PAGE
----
FULL ARTICLE FROM UK ECONOTIMES 

Islam’s ability to empower is a magnet to black British youths

Muslims pray at the Central London mosqueA seminar was hosted last month by Christians Together in England to consider ways to “stem the flight of black British youths to Islam and radicalisation”. In an unprecedented move, Muslims were invited to attend – and they did. Together, both faith groups discussed the reasons why a growing number of young black people are choosing Islam in preference to Christianity. According to this morning’s BBC Radio 4’s Today programme, one in nine black Christian men are converting to Islam.

Following in my father’s footsteps, I was raised as a Roman Catholic and attended Sunday mass regularly as a child. I also attended a Roman Catholic secondary school – initially a cultural shock as I found myself the only black student among a predominantly white class. The religious focus of the school was, however, a refreshing contrast to my urban, street background. Teachers and students were more serious about God than at my previous schools. A student was not considered “nerdy” or “odd” due to their religiosity. I was therefore able to excel in religious studies and was successful in my final O-level exam.

During these lessons, the more we learned about religion, the more we questioned and challenged particular concepts, particularly relating to Christianity. Questions about the concept of the trinity – the Godhead being three in one – caused many debates as some of us; myself and others did not find this logical or feasible. Our religious studies teacher became exasperated by persistent questions on this topic, and arranged for the local priest to attend and address the question. His explanations did little to remove our doubts in this very fundamental and important area of faith.

FULL ARTICLE FROM THE GUARDIAN 

Christians, Muslims, and Jesus by Mona Siddiqui

DSCF3120Ursula King hails a committed effort to advance interfaith relations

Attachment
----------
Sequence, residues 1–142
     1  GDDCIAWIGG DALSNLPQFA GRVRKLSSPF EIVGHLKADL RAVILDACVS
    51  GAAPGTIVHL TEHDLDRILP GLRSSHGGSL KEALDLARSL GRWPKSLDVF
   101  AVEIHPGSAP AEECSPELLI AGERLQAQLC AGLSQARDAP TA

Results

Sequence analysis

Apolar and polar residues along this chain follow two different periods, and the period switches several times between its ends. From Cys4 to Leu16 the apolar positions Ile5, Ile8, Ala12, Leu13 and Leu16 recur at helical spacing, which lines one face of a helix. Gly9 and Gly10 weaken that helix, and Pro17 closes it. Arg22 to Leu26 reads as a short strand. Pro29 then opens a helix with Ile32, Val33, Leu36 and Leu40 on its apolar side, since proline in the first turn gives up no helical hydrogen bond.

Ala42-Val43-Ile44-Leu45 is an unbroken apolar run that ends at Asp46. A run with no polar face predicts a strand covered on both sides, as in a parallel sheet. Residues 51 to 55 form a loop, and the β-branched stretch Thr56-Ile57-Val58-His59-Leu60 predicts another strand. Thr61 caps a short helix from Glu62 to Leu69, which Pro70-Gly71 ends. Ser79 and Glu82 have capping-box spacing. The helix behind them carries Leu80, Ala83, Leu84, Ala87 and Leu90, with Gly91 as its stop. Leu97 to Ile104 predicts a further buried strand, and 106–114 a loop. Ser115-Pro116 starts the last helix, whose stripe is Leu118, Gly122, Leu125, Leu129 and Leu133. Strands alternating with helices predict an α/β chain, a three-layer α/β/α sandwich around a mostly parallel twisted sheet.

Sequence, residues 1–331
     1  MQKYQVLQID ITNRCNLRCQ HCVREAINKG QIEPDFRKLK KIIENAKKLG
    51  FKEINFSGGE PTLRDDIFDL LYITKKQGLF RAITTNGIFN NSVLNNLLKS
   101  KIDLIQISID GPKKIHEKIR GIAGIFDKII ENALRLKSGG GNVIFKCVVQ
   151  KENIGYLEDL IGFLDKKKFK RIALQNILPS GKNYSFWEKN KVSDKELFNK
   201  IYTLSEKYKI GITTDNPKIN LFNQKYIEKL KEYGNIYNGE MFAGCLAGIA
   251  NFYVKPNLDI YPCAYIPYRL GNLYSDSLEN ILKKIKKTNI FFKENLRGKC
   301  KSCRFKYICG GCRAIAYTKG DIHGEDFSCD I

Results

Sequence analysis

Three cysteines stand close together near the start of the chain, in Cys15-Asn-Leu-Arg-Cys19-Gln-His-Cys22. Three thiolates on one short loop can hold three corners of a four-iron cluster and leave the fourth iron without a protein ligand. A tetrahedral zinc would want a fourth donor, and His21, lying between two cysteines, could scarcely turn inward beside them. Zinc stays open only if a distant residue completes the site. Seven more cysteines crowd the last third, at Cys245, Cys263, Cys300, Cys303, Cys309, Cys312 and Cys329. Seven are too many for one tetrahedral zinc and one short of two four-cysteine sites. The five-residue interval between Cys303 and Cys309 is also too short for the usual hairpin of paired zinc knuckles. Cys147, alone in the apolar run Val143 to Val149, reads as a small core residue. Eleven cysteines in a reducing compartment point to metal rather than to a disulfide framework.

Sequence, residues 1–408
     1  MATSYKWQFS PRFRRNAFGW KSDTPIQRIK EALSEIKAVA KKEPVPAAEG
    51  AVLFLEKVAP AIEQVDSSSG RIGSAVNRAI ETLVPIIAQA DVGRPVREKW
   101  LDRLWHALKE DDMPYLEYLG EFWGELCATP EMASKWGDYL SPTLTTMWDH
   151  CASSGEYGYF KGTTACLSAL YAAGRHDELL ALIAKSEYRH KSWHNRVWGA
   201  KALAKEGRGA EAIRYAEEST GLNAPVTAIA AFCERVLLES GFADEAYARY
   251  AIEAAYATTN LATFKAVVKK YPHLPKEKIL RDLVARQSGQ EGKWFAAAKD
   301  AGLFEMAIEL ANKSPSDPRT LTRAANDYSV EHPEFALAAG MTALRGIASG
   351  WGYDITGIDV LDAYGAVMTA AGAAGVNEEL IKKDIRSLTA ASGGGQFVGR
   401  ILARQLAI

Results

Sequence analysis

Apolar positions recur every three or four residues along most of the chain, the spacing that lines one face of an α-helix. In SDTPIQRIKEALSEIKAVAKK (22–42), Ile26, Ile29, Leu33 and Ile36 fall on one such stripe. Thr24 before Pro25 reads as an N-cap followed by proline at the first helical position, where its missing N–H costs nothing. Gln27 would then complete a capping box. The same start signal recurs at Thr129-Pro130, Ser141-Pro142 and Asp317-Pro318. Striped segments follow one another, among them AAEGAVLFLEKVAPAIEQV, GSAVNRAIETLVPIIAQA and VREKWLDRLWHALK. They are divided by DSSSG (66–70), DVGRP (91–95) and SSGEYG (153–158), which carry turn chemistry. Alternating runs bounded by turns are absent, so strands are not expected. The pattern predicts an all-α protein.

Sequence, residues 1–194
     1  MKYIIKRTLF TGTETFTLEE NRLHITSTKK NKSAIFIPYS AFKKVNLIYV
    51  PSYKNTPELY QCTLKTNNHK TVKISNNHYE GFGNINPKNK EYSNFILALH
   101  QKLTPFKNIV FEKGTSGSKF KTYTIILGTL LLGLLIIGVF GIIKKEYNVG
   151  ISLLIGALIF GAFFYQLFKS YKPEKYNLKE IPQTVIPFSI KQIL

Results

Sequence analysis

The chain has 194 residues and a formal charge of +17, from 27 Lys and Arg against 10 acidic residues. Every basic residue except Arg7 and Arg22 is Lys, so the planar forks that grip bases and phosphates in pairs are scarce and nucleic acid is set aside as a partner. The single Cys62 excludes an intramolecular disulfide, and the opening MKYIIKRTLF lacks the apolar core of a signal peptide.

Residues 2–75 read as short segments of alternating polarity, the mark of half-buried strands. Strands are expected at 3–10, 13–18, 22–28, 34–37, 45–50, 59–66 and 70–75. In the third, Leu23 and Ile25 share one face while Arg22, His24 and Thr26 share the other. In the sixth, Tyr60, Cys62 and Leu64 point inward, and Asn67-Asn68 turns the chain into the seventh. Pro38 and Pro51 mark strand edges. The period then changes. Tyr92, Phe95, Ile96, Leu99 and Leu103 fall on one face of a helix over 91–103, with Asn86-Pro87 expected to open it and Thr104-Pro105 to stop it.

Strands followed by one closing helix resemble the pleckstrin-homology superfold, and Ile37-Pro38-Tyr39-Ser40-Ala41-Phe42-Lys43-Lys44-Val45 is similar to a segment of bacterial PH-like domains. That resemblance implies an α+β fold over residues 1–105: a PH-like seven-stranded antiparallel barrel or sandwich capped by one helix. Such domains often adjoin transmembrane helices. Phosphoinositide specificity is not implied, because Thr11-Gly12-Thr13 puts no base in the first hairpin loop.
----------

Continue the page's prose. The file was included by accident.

For a Muslim writer to seek new forms of dialogue between Christians and Muslims is an audacious venture. Mona Siddiqui, the well-known academic, broadcaster and interfaith practitioner from the University of Edinburgh, has dared to go where others fear to tread. Only recently an eminent Vatican representative still took the view that there can be no theological dialogue with Islam. Yet it is precisely such theologicaldialogue that Siddiqui wishes to encourage. She does so with admirable empathy and a detailed knowledge of Islamic and Christian theological texts, offering an exemplary model of how courageously creative dialogues might be constructed and a new model of interfaith relations advanced.

Christians and Muslims have interacted for more than 14 centuries with shifting political allegiances, violent conquests and varying responses on both sides. Given our globally pluralistic world, with many Muslims settled in the West, there is a growing need for more conciliatory dialogue and mutual understanding of each other’s differences. Siddiqui’s approach is unusual in setting aside the wider socio-political context of Christian-Muslim encounters in order to focus directly, with deep personal commitment to her own faith, on the most difficult theological issues that divide the two faiths. She skilfully relates Christian doctrinal arguments to the thinking of Islamic philosophers, theologians and Sufi poets to dismantle past misconceptions based on prejudice and ignorance, preparing the way for a more appreciative mutual understanding between these two very different faith communities.

FULL ARTICLE FROM TIMES HIGHER EDUCATION (UK)